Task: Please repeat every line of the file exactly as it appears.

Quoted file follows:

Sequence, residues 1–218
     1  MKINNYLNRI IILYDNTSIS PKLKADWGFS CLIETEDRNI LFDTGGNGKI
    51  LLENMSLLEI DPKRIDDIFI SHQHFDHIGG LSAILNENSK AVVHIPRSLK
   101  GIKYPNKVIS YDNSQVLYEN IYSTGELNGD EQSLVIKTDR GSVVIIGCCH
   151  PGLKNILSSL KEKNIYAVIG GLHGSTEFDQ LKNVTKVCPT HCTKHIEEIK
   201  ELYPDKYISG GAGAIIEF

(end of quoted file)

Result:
Sequence, residues 1–218
     1  MKINNYLNRI IILYDNTSIS PKLKADWGFS CLIETEDRNI LFDTGGNGKI
    51  LLENMSLLEI DPKRIDDIFI SHQHFDHIGG LSAILNENSK AVVHIPRSLK
   101  GIKYPNKVIS YDNSQVLYEN IYSTGELNGD EQSLVIKTDR GSVVIIGCCH
   151  PGLKNILSSL KEKNIYAVIG GLHGSTEFDQ LKNVTKVCPT HCTKHIEEIK
   201  ELYPDKYISG GAGAIIEF